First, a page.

The Supreme Court mutes California unions, and gives billionaires a megaphone. In California, the blow won’t come overnight. Though some public employee unions here will take a financial hit, and some expect over time to lose as much as a third of their members, most have prepared. But without healthy political organizations, including labor, American democracy is too easily perverted by the whims of the super-rich and the artificial amplification that money buys them. Janus was part of one such whim, a long game bankrolled through nonprofits by a cadre of rich ideologues. California labor, here’s some advice. Read more.
Justice Kennedy’s retirement ends an era of Sacramento values on the Supreme Court. For more than a year, there had been speculation and discussion, but still, it felt like the end of an era. Perhaps that’s because it is. Read more.
Jack Ohman sees the latest Trump property. Help Anthony Kennedy out here.
Erwin Chemerinsky: If you think the Supreme Court is conservative now, just wait for Kennedy’s retirement. Read more.
Senate President Pro Tem Toni Atkins: The budget Gov. Jerry Brown just signed is a victory for California. It wasn’t just luck. Read more.
Takes on Janus ruling
Art Pulaski, California Labor Federation: Unjust Janus v. AFSCME decision won’t stop unions from fighting for all working people. Read more.
Will Swaim, California Policy Center: With Janus, California public employees are free from union shakedowns, finally. Read more.
Aaron Tang, UC Davis law school: Pro-labor states can undo the Janus ruling by adopting a simple legislative workaround. Government employers can just reimburse unions directly for the exact same bargaining-related costs. Read more.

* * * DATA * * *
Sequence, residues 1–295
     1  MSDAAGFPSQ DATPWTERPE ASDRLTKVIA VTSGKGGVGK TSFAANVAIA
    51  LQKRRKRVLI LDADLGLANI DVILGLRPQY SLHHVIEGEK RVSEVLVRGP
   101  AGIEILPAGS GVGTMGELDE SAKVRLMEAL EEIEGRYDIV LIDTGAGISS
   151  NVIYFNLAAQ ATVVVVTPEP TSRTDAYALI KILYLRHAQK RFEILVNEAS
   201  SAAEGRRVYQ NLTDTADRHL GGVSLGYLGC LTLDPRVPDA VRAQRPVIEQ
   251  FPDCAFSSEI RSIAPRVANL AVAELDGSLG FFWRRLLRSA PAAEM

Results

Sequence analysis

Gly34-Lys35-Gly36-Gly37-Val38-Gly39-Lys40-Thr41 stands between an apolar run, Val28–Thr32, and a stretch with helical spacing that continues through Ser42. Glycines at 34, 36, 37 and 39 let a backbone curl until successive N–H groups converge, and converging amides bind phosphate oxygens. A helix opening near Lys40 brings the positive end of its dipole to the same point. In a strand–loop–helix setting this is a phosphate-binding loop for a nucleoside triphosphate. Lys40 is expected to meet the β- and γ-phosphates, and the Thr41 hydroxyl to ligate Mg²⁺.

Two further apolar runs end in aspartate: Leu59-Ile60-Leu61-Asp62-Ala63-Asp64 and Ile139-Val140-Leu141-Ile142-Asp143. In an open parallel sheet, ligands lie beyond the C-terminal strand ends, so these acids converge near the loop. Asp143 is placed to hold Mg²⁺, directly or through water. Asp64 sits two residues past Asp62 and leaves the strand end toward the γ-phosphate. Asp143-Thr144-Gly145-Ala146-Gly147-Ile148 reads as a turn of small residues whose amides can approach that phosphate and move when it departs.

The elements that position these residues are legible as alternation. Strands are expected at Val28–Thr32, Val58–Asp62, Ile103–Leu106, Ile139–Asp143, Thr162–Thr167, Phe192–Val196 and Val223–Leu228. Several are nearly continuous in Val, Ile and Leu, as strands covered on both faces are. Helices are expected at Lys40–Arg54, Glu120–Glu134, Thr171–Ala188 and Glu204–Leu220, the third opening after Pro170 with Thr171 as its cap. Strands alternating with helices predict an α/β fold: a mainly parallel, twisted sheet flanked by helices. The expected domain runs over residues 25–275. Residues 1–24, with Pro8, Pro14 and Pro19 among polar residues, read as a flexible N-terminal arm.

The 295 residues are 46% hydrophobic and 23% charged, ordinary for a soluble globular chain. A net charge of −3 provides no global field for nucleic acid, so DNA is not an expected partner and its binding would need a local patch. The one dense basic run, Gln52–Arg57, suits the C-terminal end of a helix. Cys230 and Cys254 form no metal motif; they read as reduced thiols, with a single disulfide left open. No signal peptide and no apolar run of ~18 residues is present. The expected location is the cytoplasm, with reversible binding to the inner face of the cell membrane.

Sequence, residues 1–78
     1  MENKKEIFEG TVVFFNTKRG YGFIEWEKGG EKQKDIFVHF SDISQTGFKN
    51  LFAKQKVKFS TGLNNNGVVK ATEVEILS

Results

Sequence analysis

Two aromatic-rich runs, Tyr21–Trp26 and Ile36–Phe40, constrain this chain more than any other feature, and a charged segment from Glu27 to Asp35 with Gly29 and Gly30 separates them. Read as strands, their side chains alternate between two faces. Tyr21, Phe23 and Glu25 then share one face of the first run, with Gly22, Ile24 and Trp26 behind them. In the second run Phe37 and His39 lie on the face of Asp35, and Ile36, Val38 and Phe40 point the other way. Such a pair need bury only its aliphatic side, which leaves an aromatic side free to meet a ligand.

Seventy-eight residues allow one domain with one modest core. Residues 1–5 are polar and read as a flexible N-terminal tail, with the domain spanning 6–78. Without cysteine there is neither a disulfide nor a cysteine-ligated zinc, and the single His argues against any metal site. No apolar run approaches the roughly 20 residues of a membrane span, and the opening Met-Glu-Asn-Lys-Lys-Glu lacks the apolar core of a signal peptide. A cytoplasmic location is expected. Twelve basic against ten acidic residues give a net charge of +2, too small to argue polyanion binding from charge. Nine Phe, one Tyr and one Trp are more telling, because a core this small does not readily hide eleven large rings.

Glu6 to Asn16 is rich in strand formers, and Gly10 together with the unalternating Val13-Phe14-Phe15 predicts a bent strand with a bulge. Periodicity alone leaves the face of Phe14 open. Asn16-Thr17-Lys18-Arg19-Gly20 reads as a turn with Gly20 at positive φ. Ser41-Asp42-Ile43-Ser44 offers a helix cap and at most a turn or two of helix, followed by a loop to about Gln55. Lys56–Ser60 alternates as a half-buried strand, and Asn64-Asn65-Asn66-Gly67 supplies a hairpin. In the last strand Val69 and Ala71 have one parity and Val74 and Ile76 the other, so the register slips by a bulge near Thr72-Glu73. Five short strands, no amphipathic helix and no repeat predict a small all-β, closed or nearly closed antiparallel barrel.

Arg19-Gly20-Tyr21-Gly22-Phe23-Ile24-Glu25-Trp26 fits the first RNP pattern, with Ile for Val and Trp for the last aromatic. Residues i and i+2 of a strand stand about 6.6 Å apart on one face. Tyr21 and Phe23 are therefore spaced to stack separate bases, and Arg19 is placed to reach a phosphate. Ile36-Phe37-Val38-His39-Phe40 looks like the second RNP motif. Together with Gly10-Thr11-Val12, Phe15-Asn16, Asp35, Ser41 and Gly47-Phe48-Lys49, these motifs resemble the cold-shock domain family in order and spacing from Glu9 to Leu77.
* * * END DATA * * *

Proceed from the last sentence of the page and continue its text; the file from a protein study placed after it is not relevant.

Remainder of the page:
Noah Feldman, Bloomberg: The Janus decision, six years in the making, shows how a conservative court can take a core constitutional value like freedom of speech and wield it as a tool to advance business interests. Read more.
More takes on Supreme Court
E.J. Dionne Jr., Washington Post: It is clear that the Republican Five on the nation’s highest court have operated as agents of their party’s interests. And now things stand to get even worse because of Justice Anthony Kennedy’s retirement. He was, at least on some occasions, a moderating force. Read more.
Chicago Tribune editorial board: Justice Anthony Kennedy’s announcement Wednesday of his retirement comes with the ink barely dry on several crucial decisions enabled by President Trump’s choice of the conservative Neil Gorsuch for the U.S. Supreme Court. Kennedy has been a center-right jurist with enough left-of-center positions to qualify as the court’s unpredictable swing voter. Expect Trump to nominate a new justice who wouldn’t often swing. Read more.
Washington Post editorial board: Justice Anthony Kennedy’s 30-year career on the Supreme Court was a historical accident. President Ronald Reagan’s first choice was Judge Robert Bork, a doctrinaire conservative whose nomination failed. Reagan’s second pick, Judge Douglas Ginsberg, withdrew when it was revealed that he had smoked marijuana while a professor. And so we got Kennedy, a mild-mannered conservative federal appeals court judge. In many important and lasting ways, Kennedy’s lucky break was a lucky break for the country as well. Read more.
Dana Milbank, Washington Post: The Roberts Court is historically unusual in that none of the justices ever held elected office; the experience gap contributes to an impression that they are naive about the way their decisions affect and distort the political system. This was painfully obvious in the travel ban decision. Read more.
Dan Walters, CALMatters: Californians of a liberal bent may not like it, but the U.S. Supreme Court this week struck an important blow for the constitutional right of free speech. It overturned a California law requiring clinics offering non-abortion alternative treatment to pregnant women to post notices telling them about the availability of abortion. Read more.